By Lisa Rapaport
(Reuters Health) – Kids who are obese may be more likely to develop a severe hip disorder than children who are not overweight, a UK study suggests.
The disorder, known as slipped capital femoral epiphysis (SCFE), is one of the most common hip problems in children and adolescents. It can lead the ball at the head of the thigh bone to slip backward and often requires surgery to repair. While the condition has long been linked to obesity, which can put extra pressure on bones, research to date hasn’t offered decisive evidence that obesity directly causes SCFE.
For the current study, researchers examined data on weight for more than 597,000 children when they were 5 to 6 years old, with an additional record of weight for nearly 39,500 of these youth at 11 to 12 years old. During an average of seven years of follow-up, 209 children were diagnosed with SCFE.
Compared to kids who were a normal weight at the start of the study, children with severe obesity were almost six times more likely to develop SCFE and youth who were less obese were almost four times more likely to develop SCFE, researchers report in Pediatrics.
And by 11 to 12 years old, youth with severe obesity had 17 times the risk of SCFE that normal weight children had.
“Some doctors, in particular orthopedic surgeons, have long believed that SCFE is linked to childhood obesity, though this has been very difficult to prove,” said lead study author Daniel Perry of the University of Liverpool in the UK.
The current study wasn’t a controlled experiment designed to prove whether or how obesity might directly cause SCFE.
But “the strength of this association is striking,” Perry said by email.
Children and teens are considered obese when their body mass index (BMI) is higher than 95 percent of other youth their same age and sex. They’re considered severely obese when their BMI is higher than 99 percent of other kids.
At the start of the study when kids were about 5.5 years old on average, 12 percent of them were overweight and 9.2 percent were obese.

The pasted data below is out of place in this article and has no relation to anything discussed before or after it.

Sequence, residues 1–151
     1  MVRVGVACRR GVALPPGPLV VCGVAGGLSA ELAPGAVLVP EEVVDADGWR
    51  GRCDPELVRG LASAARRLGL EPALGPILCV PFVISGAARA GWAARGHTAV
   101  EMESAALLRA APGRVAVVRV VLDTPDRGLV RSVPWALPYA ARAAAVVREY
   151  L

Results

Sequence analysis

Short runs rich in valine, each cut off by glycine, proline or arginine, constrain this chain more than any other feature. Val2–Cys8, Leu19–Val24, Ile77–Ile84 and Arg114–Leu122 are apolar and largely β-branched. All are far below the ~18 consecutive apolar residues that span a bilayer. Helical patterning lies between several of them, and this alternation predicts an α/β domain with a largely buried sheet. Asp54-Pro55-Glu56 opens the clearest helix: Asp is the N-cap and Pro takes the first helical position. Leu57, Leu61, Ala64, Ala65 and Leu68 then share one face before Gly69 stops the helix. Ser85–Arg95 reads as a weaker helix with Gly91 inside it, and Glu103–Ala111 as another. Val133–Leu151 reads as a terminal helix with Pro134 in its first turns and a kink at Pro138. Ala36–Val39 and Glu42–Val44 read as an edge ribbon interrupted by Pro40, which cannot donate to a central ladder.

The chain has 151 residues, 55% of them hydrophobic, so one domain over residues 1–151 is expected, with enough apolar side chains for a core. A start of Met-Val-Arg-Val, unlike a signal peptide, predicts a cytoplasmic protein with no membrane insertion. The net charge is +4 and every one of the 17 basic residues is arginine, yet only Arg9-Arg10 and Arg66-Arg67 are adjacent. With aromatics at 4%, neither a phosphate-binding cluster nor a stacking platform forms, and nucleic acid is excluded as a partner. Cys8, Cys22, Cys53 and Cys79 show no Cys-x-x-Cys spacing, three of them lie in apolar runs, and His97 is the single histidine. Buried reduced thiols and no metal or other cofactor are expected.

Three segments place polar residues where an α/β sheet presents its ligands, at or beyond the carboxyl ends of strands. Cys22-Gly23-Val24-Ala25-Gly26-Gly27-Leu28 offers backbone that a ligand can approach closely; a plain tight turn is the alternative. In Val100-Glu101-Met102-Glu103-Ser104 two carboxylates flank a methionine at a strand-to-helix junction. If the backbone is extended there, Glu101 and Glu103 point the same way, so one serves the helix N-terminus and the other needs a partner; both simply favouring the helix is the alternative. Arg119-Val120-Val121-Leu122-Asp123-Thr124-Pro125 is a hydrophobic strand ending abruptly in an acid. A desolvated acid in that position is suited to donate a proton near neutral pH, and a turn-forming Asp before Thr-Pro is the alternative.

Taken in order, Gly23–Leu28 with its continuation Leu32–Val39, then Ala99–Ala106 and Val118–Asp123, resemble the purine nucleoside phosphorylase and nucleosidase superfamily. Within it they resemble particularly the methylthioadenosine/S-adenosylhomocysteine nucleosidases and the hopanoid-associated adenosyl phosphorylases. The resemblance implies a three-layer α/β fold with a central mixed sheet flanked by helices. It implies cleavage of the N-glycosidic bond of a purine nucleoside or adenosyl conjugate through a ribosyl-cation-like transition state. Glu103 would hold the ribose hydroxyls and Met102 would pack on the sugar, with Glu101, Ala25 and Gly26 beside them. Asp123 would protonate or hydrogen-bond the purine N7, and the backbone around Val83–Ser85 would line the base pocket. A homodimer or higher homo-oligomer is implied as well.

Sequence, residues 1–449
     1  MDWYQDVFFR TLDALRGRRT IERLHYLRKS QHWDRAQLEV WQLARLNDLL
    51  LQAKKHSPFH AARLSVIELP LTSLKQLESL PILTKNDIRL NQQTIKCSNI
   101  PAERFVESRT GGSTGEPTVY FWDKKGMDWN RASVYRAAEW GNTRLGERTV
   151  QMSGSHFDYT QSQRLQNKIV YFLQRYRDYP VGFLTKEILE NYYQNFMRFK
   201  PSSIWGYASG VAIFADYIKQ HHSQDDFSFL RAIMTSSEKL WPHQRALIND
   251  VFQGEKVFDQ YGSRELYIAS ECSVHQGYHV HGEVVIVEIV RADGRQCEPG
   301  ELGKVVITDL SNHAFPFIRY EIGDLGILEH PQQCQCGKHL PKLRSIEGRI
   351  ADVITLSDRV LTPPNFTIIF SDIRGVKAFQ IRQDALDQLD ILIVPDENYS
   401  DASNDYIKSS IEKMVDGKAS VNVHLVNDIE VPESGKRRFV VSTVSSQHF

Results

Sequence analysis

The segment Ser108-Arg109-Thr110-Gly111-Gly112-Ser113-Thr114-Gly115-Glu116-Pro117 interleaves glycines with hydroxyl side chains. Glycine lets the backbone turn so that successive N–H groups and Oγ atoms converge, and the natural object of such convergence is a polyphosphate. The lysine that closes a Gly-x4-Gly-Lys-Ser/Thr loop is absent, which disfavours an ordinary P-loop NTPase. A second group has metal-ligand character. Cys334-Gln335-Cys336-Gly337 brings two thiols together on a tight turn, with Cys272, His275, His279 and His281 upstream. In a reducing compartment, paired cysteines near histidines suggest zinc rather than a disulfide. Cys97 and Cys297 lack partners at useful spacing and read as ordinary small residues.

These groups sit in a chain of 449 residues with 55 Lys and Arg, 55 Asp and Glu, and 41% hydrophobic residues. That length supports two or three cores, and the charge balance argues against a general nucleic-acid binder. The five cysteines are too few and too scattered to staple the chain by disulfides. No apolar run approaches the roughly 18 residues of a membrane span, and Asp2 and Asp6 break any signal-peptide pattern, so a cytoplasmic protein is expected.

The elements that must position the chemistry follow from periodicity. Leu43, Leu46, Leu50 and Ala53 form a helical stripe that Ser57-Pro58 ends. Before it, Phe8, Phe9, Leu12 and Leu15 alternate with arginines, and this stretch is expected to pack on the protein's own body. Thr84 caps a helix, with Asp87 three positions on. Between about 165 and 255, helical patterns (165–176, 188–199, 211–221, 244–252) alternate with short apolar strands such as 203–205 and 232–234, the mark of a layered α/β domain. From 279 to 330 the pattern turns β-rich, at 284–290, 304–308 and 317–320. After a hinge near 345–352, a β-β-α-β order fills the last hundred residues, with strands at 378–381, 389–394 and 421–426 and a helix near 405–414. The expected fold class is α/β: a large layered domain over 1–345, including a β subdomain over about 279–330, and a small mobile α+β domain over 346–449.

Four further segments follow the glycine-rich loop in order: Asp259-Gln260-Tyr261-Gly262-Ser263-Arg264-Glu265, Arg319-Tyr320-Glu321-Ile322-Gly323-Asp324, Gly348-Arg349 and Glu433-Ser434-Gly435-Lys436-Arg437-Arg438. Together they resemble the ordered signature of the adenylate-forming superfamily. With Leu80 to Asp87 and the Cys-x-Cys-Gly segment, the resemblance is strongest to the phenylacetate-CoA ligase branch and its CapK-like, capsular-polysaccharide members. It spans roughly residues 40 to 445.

Among the 3,973 children who were obese at that point, 2,963 (75 percent) remained obese at 11 to 12 years old.
“There are multiple health problems associated with childhood obesity, and we now know that SCFE is one of them,” said Dr Tim Theologis of Oxford University Hospitals in the UK.
“Although this was beyond the scope of this study, it is logical to assume that if obese children were to lose weight, this would reduce their risk of SCFE,” Theologis, who wasn’t involved in the study, said by email.
Obesity may add to the risk of SCFE because the growth plate where the thigh bone meets the hip joint is made of cartilage that’s weaker than bone, noted Dr. Deborah Eastwood of University College London. Rapid growth during pre-teen and teen years coupled with excess weight can damage the hip, leading to pain and reduced range of motion.
“This is the first (of hopefully several studies) that will confirm that obesity is bad for children – in this case bad because it increases the risk of a rare but ‘nasty’ orthopedic condition which could be disabling,” Eastwood, who wasn’t involved in the study, said by email. “Children who are not overweight tend to be more active, fitter and healthier – and this can only be good for you.”
SOURCE: http://bit.ly/2yuan7f Pediatrics, online October 22, 2018.